A planar dual-band circular antenna system for a chemical wireless sensor network uses four antennas, with one antenna selected at a given time using a SP4T switch. This work describes one of the antennas used to transmit sensor information to a nearby hub operating in the industrial, scientific and medical (ISM) bands. The antenna comprises concentric shorted annular rings of substrate integrated waveguide (SIW) and includes a circular patch at its center. It radiates two patterns, one omnidirectional in the azimuth plane at 2.4 GHz and one unidirectional in the elevation plane at 5.8 GHz.
Planar dual-band RF antennas have the reliability and simplicity for integration with chemical sensors that operate at infrared wavelengths1 with associated optoelectronics. The ISM band antennas are employed for high quality data transmission. The SIW structure has been used widely in high performance planar RF circuits.2 It exhibits a high production yield, integrates easily with other components and supports high data rate transmission.3, 4 Several types of passive and active RF circuits have been proposed and demonstrated using SIW technology, including resonators, couplers, antennas and amplifiers.5, 6
A loop antenna with dual-band omnidirectional patterns is described by Liu et al.7 A compact design with two modes at a single resonant frequency with two input probe feeds for MIMO applications is done in a complex multilayer structure but has low gain.8 Liu et al.9 describe a circular patch antenna with a bandwidth of less than 0.5 GHz for Wi-Fi applications. Its structure is based on adding a set of conductive vias. It has a gain of 6 dB but is just single band. In this work, a directional dual-band SIW antenna operating in the ISM bands is demonstrated for use in a wireless sensor network for remote monitoring of chemical contamination.
A single layer, dual-band circular antenna fed with two probes uses SIW cavities. It comprises a circular patch at the center operating at 5.8 GHz surrounded by an annular slot ring operating at 2.4 GHz. The antenna design shown in Figure 1 is based on previous work described by Liu and Guo.10 Its dimensions are listed in Table 1. In this work, a SIW outer ring is added with via holes that enable a good impedance match and isolate port 1 from frequencies above 2.4 GHz.10-13 The outer antenna has two radii, R1 and R2, with a slot width w1. The inner antenna has a radius R3 and resonates at 5.8 GHz. A Taconic RF-30 substrate is used with a thickness, t, of 1.52 mm and a dielectric constant of 2.78. The resonant frequencies of different modes for the outer antenna are calculated using Equation (1):14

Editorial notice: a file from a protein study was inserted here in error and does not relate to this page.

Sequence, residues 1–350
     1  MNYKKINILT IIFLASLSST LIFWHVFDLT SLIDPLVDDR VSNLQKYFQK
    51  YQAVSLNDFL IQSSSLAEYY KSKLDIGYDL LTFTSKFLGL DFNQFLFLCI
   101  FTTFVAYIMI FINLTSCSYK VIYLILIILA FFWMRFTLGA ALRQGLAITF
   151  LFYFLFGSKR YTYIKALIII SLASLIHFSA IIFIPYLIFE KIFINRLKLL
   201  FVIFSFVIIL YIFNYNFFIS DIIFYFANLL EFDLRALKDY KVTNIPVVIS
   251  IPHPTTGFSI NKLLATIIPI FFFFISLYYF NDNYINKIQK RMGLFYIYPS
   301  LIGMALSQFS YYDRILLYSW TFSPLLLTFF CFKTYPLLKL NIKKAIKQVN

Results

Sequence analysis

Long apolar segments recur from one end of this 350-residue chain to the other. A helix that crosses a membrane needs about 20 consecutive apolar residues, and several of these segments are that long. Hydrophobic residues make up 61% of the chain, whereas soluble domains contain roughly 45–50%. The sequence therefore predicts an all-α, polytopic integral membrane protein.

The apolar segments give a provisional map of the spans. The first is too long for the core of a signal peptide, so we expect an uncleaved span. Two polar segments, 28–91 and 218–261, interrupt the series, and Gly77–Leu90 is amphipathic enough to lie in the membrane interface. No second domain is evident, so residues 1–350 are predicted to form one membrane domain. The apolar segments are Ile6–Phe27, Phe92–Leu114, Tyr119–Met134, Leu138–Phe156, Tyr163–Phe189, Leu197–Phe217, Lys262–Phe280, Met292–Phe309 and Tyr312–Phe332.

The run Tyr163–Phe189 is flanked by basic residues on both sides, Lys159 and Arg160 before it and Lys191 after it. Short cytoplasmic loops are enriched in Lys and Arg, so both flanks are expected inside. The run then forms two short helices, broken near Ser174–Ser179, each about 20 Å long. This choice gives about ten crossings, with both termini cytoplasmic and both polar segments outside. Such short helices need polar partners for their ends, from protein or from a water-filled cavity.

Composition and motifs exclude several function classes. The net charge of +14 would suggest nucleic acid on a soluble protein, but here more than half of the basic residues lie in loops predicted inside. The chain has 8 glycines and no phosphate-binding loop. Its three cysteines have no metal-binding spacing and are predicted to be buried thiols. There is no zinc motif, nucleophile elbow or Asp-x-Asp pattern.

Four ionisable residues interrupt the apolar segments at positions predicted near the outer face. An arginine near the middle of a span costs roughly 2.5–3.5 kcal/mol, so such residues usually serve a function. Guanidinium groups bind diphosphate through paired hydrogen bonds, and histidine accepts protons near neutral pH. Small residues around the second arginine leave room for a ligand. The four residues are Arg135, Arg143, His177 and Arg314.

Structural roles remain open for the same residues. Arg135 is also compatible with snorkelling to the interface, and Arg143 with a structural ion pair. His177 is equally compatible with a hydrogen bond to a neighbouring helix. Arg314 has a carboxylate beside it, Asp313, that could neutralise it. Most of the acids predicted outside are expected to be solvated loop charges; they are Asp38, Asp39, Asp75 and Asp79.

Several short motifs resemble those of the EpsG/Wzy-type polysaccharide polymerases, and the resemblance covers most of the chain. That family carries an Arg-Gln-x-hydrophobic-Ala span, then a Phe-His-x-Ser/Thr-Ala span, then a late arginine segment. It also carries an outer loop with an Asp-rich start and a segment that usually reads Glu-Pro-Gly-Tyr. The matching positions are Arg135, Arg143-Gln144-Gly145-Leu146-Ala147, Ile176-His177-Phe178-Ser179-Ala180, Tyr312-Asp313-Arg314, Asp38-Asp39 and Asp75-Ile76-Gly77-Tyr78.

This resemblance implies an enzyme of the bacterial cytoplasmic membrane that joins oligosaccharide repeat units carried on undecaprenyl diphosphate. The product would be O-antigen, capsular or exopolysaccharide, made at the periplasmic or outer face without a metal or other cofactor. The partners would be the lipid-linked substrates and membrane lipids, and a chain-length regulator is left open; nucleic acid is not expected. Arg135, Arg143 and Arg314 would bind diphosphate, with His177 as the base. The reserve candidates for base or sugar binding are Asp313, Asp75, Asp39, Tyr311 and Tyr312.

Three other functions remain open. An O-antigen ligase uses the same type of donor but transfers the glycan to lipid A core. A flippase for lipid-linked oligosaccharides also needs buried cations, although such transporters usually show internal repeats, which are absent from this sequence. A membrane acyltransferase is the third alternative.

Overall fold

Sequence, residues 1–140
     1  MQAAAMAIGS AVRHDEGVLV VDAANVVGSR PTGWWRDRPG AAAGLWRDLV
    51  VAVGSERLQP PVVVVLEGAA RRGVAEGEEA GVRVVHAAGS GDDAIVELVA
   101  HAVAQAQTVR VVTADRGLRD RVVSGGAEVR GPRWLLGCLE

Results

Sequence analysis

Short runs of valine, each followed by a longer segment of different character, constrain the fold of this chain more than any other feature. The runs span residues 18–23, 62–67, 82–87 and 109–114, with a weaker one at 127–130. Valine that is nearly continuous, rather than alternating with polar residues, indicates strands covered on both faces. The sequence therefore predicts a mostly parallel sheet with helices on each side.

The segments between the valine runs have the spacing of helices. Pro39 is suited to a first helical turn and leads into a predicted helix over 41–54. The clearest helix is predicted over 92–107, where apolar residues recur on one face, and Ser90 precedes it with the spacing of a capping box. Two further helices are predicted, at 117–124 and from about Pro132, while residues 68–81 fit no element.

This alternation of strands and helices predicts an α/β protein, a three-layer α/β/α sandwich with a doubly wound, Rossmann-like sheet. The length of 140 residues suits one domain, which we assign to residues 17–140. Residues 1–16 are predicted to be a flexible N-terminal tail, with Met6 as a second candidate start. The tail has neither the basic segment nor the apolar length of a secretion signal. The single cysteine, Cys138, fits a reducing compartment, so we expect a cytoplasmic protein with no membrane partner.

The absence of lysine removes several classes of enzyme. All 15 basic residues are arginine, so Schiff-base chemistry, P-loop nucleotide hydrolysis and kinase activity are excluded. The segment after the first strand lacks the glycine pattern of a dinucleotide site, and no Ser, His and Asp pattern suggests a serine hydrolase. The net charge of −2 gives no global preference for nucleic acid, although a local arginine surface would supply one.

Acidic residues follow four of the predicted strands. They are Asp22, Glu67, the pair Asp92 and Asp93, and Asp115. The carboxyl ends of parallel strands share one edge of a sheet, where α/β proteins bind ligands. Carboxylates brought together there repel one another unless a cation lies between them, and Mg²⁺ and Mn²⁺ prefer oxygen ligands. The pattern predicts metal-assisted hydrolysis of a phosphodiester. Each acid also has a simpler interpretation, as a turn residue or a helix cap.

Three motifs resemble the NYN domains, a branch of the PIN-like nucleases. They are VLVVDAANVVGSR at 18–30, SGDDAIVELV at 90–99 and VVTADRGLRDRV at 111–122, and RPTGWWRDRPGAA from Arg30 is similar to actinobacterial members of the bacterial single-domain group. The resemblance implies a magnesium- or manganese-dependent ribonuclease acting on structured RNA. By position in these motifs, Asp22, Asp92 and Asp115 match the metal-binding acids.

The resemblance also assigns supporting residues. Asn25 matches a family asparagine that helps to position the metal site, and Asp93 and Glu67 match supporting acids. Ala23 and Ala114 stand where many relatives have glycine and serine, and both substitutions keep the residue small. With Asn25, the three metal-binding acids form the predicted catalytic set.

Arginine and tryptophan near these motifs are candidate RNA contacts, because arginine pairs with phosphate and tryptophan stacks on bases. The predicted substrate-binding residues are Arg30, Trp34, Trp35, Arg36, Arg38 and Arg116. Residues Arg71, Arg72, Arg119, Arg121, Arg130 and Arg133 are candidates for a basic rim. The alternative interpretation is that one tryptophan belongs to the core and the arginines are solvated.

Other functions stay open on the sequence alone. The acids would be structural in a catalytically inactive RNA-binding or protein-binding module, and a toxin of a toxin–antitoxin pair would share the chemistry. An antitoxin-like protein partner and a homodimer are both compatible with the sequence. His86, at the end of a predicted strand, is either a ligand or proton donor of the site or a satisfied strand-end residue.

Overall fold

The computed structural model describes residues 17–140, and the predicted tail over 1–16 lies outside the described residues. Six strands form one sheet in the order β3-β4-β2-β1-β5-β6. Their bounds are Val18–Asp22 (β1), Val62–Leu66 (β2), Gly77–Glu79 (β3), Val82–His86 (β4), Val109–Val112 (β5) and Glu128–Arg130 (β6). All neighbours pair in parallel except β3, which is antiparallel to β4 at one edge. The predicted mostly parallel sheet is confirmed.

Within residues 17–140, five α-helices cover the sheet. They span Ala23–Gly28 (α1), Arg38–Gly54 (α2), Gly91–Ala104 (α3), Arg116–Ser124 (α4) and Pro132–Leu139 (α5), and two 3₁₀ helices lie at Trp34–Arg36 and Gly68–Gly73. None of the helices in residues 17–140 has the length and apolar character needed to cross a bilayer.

where indexes mn define the mode order, er is the dielectric constant and c is the velocity of light in a vacuum. Kmn is the eigenvalue obtained according to the boundary conditions. The resonant wavelength of the TM10 mode is approximately equal to the average circumference of the resonant ring, where Rave = (R1+R2)/2.
In addition to the simple cavity model, the structure can also be considered a SIW cavity bounded by electric walls between the inner and outer radii.11 According to theory, the electrical field has a z direction component, with an arbitrary position point (r, f, z) in the SIW annular cavity, as shown in Figure 1. The electric field in cylindrical coordinates can be estimated using Equation 2:10
The antenna is simulated using HFSS and CST software; CST is based on the integral method, and HFSS is based on the finite-element method. The two antennas in Figure 1 are well isolated with the SIW metalized vias. The TM10 mode current distribution at 2.4 GHz is concentrated around the outer antenna (see Figure 2a) and produces a quasi-omnidirectional pattern. The TM11 mode current distribution of the inner patch antenna (see Figure 2b) produces a unidirectional broadside radiation pattern.
A photograph of the antenna is shown in Figure 3. The aimulated versus measured reflection coefficients shown in Figure 4 are in good agreement except for a slight frequency shift of the TM11 mode, which may be caused by position displacement of the probe feed after fabrication.
The measured relative bandwidth is around 89 MHz at 2.4 GHz and 220 MHz at 5.8 GHz, corresponding to 2.2 percent and 5.7 percent bandwidths, respectively.